Dr Judith Guedalia

Crowning Glory; The Gift - Not Just Learning About Chesed, But Doing It

I looked at her thinking of my grandmother, who used to refer to one's hair (especially girls') as "your crowning glory."   There she stood before me, all of 14 years old, hair shorn in a kind of choppy very short ponytail (Kuku in modern Hebrew, and a Fringe in UK).



"I didn't want to tell anybody until I did IT," she said.   Other girls have done IT too.  IT was first growing her hair the longest it has ever been and then cutting it so that it can be used to make a wig for a young cancer patient.


I thought of the oft-told story of two brothers who loved each other so much that each night they crept over to the other's property and added wheat to the beloved brother's day's harvest so as to help him be more successful.  The story goes on to say how one night they met and on that site the Beit HaMikdash - Holy Temple was built; a story emphasizing unadulterated selfless brotherly love, as the foundation of Hashem's earthly presence.


Lehavdil (to differentiate between the sublime and mundane) there is a famous O. Henry short story, "The Gift of the Magi," which comes to mind.  Recounted is the story of a young financially strapped young couple who want to give each other a special gift.  He has a precious watch he inherited; she has beautiful long hair.  As O. Henry puts it, they sacrificed for each other the greatest treasures of their house.  In order to afford the gift she cuts and sells her hair and buys him a watch fob, and he "hocks" his watch to buy her beautiful combs for her long hair.  Their love for one another is the true gift.


I return to thinking about hair. Hair can be such a bone of contention between teens and parents.  Too long, too short, not long enough.  For males perhaps, it is cut too near the pe'ot (specific areas of the face); for teens and young adults it's shampoo "laced" with H2O2 - hydrogen peroxide (instead of H2O-water)!  In young marrieds, it's the different opinions regarding pe'ot - (sheitel) /wig hair vs. cloth, tichels or hats used for hair coverings.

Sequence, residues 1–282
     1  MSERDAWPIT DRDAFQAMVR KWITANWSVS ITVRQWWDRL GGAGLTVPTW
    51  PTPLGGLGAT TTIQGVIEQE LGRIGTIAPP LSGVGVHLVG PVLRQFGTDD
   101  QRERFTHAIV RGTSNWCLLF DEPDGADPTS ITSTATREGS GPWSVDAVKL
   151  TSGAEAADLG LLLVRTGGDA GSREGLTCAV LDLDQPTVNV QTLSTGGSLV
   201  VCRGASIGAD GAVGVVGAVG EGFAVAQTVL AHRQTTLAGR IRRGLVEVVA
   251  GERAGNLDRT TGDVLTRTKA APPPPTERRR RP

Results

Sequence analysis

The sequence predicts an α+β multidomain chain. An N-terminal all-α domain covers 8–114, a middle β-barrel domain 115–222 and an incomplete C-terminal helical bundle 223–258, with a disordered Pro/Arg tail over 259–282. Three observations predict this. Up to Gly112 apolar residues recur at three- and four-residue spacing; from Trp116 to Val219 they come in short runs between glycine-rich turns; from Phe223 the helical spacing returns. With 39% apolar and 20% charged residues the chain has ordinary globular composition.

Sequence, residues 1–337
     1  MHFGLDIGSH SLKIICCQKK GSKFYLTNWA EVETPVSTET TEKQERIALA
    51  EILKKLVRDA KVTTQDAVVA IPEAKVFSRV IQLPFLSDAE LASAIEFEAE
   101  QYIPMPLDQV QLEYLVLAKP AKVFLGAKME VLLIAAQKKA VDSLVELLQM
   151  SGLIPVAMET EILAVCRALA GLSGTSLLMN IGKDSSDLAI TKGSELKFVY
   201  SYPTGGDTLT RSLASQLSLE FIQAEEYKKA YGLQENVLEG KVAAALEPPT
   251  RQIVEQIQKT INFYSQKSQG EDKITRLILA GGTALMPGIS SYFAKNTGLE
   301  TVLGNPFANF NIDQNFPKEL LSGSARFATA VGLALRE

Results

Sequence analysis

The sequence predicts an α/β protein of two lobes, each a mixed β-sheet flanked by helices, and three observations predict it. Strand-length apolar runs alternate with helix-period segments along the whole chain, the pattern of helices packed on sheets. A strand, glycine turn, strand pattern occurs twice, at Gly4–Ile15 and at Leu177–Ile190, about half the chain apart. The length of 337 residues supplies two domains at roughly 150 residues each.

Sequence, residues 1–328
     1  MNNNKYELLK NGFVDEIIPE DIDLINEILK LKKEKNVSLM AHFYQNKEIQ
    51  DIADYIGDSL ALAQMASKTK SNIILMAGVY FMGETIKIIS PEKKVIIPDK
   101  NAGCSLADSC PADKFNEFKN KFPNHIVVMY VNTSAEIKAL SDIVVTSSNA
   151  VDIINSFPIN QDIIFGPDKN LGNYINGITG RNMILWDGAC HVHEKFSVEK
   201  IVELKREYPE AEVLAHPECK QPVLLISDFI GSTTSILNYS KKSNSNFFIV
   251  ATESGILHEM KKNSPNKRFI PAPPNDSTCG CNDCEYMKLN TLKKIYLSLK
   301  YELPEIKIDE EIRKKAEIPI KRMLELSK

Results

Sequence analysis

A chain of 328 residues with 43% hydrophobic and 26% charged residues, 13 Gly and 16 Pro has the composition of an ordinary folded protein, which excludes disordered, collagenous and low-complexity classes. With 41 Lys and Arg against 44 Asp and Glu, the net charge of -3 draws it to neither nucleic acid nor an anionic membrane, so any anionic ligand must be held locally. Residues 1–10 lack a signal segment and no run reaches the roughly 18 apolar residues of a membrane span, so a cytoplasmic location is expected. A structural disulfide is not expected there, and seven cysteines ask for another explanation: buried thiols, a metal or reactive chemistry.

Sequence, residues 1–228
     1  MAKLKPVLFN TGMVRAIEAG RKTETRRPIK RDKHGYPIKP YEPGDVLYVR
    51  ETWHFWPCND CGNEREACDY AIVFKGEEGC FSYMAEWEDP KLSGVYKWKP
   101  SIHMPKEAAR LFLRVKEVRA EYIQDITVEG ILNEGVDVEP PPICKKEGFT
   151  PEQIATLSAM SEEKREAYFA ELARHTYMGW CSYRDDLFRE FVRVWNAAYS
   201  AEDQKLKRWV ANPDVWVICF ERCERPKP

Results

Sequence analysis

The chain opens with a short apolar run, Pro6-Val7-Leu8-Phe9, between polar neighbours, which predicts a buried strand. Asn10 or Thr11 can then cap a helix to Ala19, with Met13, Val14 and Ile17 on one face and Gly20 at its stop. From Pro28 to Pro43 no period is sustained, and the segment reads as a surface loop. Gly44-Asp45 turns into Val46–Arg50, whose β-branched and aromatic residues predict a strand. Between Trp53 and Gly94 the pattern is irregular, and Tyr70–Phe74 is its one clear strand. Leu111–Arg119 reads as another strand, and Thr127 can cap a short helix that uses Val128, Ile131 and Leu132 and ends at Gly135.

Here these few young teen girls, at the height of their opportunity to show off their OWN crowning glory, choose to coddle it, grow it, and then cut it off for a chesed- altruistic, meaningful selfless purpose for another. 


Wait a minute; I said to myself, this process sounds a lot like parenting.  We are given the gift of taking and coddling the young, effecting children's growth (home, schools, and communities), this younger generation forms our Crowning Glory and finally, we are charged with letting them go off into Life to do the Greater Good for others. 


I saw my granddaughter's shorn hair along with the sparkle in her eyes and glow on her face as she showed me the certificate she received from Zichron Menachem - the organization for children with cancer.  But more than that, her soft words touched my heart.  When she saw the surprised look on my face she said: "Don't worry Oma Judi, it will grow again." 


I relearned life's truth: growing leads to cutting which leads to selflessness and re-growth.  May our children's learning and doing the way of Chesed enhance love for others and speed the rebuilding of the Holy Temple.


Tags: Crowning Glory | Hair | Jewish Press